It's hard to believe that this is already the seventh installment in the Ruling Skill Challenges series. It's been a lot of fun so far, and I hope that each month this article sheds some light on skill challenges. The last two installments talked about social skill challenges and gave a sample challenge. This month, it's time to cover a topic near and dear to many a D&D characters' heart: Warfare!
Huge battles have long been a component of fantasy fiction and gaming. The rules for D&D evolved from the Chainmail miniatures game. Swords & Spells performed a neat little trick and arose as the miniatures game designed to support the RPG that evolved from a miniatures game. Later, basic D&D added an abstract set of rules called the war machine in the Companion Set, while AD&D boasted the BattleSystem game for both its 1st and 2nd editions. Finally, in 2001 came another game under the Chainmail name, which gave way to the D&D Miniatures game.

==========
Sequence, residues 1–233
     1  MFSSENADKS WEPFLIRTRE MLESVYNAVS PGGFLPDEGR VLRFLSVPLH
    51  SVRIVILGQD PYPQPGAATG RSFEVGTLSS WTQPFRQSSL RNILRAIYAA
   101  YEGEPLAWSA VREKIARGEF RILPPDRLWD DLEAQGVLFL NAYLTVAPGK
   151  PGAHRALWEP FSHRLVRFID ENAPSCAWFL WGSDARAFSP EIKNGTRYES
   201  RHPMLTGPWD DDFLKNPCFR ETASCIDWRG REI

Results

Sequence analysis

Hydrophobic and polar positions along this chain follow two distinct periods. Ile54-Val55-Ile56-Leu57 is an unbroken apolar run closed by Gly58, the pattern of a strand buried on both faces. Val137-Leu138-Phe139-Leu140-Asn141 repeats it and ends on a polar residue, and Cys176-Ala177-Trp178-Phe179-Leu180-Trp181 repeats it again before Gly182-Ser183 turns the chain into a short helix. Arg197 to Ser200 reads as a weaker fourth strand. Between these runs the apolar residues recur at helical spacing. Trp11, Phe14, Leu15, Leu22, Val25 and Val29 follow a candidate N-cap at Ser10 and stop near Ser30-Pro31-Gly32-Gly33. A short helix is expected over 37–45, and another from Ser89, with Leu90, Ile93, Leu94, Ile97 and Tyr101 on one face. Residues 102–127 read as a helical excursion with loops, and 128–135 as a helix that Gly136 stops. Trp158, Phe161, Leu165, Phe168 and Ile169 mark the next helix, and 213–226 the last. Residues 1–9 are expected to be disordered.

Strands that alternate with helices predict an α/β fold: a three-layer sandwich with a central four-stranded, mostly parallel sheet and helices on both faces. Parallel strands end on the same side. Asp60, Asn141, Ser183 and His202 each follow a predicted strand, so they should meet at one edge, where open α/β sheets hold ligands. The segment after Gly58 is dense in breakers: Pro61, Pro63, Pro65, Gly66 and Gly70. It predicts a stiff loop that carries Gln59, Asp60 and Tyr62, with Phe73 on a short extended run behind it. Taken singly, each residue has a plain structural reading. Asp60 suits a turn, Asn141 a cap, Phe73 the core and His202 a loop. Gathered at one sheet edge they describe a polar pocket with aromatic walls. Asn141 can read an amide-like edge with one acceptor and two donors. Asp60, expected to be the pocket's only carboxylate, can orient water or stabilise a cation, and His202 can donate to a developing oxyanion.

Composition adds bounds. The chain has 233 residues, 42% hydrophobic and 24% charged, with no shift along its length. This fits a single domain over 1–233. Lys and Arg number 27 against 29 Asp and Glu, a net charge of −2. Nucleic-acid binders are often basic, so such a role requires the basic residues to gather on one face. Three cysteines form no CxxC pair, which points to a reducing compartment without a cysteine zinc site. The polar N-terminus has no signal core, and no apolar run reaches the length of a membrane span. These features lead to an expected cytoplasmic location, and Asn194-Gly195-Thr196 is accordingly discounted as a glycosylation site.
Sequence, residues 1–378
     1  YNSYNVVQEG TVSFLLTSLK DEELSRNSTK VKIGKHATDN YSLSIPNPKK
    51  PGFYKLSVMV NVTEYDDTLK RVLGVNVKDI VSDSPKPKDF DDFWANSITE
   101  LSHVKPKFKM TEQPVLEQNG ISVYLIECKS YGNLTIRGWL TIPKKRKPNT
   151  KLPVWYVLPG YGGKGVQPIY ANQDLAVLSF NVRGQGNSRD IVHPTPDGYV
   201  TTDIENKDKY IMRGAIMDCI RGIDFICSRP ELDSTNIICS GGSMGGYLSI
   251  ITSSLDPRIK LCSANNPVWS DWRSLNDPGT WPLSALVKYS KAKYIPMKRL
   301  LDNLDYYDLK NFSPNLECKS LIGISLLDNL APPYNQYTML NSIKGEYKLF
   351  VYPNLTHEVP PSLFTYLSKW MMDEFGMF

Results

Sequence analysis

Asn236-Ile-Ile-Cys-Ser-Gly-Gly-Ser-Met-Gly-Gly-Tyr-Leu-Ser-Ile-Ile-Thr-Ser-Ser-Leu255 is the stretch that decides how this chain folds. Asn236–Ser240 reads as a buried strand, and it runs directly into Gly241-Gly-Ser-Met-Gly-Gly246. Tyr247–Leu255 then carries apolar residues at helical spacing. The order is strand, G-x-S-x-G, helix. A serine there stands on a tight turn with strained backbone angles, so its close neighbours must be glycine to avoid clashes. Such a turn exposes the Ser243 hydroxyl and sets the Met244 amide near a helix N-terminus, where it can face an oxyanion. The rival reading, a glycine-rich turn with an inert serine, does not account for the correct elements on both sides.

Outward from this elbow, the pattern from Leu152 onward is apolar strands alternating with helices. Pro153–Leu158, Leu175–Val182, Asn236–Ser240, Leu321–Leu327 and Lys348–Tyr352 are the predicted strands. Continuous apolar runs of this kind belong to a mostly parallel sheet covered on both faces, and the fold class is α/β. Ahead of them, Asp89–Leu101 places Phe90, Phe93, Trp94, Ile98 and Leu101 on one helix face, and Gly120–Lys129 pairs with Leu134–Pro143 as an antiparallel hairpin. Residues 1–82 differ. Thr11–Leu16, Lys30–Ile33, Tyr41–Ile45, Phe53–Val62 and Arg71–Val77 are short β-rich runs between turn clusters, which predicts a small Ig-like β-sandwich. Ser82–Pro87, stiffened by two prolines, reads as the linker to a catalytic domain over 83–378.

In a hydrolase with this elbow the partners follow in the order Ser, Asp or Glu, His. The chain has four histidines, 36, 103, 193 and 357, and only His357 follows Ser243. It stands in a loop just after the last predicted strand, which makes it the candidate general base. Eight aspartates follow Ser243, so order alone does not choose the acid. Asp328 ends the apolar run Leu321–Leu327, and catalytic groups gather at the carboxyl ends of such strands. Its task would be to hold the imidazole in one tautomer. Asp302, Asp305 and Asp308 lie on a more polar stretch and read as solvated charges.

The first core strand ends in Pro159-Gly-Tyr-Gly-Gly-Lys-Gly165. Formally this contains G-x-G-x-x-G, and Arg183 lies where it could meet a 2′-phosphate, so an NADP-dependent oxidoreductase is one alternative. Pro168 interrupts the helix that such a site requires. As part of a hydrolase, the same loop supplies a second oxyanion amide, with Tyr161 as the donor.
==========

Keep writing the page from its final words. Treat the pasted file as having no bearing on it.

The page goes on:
Almost all of these rule sets struggled with one, important question: How do you drag a PC into the battle? After all, D&D is a game about individual adventurers. What effect does a 15th-level wizard have on battle? A 6th-level warden can chop through 1st-level goblin minions all day, but what happens when she leads 50 members of the local militia against 300 goblins?
The skill challenge mechanic is a good match for running the clash of armies, but on its own, it leaves huge swaths of information for the DM to fill in. What does the challenge represent? What's the cost of failure and the reward for victory? What exactly does each skill check cover during a big battle? Answering those questions is key to creating a skill challenge, but those answers might vary based on the battle's role in your campaign and the characters' roles in the battle.
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About the Author
Mike Mearls is the Lead Developer for the Dungeons & Dragons roleplaying game. His recent credits include H1: Keep on the Shadowfell and Player's Handbook II (v.3.5).